Tuesday, October 26, 2010

Another Big Dig into Our Wallets

In the midst of a foreclosure crisis, and two weeks before the election, Deval Patrick says he's accepted 32 million to kick off grandiose plans to revamp South Station to 'relieve congestion'.

Nobody has done the assessment of how much this project is going to cost and where they think they're going to get the rest of the money to pay for it but they're going to improve the tracks for the people at the State House to get faster and more frequent service to Washington DC, add 11 new platforms,  restore the service to Fall River and New Bedford.  These plans require moving the central mail facility of the US Post Office for Massachusetts.

This project is going to cost tens of billions.

It's true that there is train congestion and we sometimes get hung up for three or four minutes waiting for a track - or waiting for a train to pass.

Is this small burden worth spending the money they don't have and we don't have?


Rob said...

How ironic. South Station was originally 27 Tracks. It originally extended all the way to the original baggage wing along the Fort Point Channel. In 1938, the South Boston Postal Annex was built removing four tracks. In the early 1970’s, the wing along Summer Street was demolished to accomodate the new Stone and Webster office building and an expanded U.S. Mail sort facility. Only 13 tracks were retained. Short sighted...
South Station opened on January 1, 1899 at a cost of $3.6 million. The architects were Shepley, Rutan and Coolidge of Boston. It became the busiest station in the country by 1910. A station on the Atlantic Avenue Elevated served the station from 1901 to 1938; what is now the Red Line subway was extended from Park Street to South Station in 1913. The train shed, one of the largest in the world, was eliminated in a 1930 renovation due to corrosion from the nearby ocean's salt air. While the station handled 125,000 passengers each day during World War II, after the war passenger rail declined in the U.S. In 1959, the Old Colony Railroad, which served the South Shore and Cape Cod, stopped passenger service. The New York, New Haven and Hartford Railroad went bankrupt in 1961. South Station was sold to the Boston Redevelopment Authority (BRA) in 1965. Portions of the station were demolished and the land was used to build the Boston South Postal Annex and the Stone and Webster building.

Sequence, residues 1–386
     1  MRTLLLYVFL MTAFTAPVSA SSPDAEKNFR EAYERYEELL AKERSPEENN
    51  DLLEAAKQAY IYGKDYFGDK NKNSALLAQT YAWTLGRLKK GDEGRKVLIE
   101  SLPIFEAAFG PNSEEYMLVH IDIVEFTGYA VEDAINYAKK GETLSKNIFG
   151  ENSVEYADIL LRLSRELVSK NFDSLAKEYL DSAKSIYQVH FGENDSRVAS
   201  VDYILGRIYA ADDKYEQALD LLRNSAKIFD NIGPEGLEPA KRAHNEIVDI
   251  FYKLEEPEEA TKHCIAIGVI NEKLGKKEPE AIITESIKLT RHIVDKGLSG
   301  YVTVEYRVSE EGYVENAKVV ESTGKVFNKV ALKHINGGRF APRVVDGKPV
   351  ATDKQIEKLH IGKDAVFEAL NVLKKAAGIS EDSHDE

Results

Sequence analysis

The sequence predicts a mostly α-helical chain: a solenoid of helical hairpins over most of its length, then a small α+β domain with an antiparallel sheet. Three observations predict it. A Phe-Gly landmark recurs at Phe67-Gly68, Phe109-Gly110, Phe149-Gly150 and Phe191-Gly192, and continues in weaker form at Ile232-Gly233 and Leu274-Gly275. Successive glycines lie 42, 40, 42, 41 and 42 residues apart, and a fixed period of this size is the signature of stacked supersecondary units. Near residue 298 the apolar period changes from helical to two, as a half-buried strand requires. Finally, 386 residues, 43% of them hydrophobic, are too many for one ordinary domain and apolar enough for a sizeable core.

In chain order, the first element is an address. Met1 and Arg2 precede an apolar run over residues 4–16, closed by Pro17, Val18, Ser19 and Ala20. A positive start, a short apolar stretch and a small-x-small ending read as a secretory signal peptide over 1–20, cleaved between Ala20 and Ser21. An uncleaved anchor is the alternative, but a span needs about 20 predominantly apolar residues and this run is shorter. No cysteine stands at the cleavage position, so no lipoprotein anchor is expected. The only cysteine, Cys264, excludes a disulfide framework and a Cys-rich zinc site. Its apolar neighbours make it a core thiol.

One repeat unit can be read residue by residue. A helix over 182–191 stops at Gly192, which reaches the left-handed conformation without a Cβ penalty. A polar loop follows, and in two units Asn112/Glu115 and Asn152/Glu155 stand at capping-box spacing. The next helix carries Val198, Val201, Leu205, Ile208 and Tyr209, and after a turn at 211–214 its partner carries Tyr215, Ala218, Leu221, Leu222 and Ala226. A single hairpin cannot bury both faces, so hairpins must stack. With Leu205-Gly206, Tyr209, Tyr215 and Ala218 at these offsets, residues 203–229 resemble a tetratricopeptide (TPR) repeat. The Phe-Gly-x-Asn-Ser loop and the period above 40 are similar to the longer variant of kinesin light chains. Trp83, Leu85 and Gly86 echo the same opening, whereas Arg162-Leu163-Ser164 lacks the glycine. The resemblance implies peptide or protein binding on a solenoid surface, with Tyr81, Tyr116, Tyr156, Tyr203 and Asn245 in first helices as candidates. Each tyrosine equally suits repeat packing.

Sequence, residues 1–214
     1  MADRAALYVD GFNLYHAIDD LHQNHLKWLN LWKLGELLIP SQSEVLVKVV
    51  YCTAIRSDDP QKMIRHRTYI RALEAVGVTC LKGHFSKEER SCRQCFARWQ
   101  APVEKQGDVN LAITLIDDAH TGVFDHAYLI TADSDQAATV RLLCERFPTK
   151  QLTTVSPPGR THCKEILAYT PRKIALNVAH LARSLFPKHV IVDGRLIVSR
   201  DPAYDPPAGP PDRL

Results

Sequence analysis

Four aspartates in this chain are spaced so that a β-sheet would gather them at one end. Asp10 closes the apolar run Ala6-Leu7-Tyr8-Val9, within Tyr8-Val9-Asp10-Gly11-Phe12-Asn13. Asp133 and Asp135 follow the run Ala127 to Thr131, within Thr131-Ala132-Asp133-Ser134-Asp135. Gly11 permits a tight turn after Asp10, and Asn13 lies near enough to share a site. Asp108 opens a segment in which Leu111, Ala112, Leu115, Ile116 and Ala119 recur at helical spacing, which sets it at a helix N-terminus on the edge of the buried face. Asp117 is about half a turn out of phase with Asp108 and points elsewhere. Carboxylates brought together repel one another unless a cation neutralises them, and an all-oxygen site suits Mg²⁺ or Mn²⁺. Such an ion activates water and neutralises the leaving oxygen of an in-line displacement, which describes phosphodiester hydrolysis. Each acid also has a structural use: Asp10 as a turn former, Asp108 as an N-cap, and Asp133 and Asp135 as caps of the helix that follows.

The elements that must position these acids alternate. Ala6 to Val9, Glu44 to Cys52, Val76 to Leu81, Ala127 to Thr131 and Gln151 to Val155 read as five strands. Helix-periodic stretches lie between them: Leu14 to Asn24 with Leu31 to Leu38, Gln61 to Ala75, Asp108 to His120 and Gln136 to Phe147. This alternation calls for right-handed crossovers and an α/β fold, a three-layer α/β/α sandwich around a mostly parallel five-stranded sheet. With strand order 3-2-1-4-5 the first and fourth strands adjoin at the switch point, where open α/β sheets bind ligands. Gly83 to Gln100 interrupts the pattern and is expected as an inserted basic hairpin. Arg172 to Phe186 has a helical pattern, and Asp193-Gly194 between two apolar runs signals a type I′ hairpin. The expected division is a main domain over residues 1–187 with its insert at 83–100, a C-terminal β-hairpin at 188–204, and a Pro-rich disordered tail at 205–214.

Tim M said...

You know, it's real easy to see what The Bishops are trying to say...apply "new theology" to old problems and don't worry about your conscience. I guess they really aren't Catholic anymore are they? We have the same problem here in my diocese. They didn't even have a Mass for the slaughtered unborn this year. I guess it just isn't "politically correct" to stand up for your Faith anymore. Boy, are they in for a very rude awakening. Real Catholics and real Christians are going to make them rue the day they started to deviate from True Christianity.

Carol McKinley said...

Wow. Hurts all the more knowing that!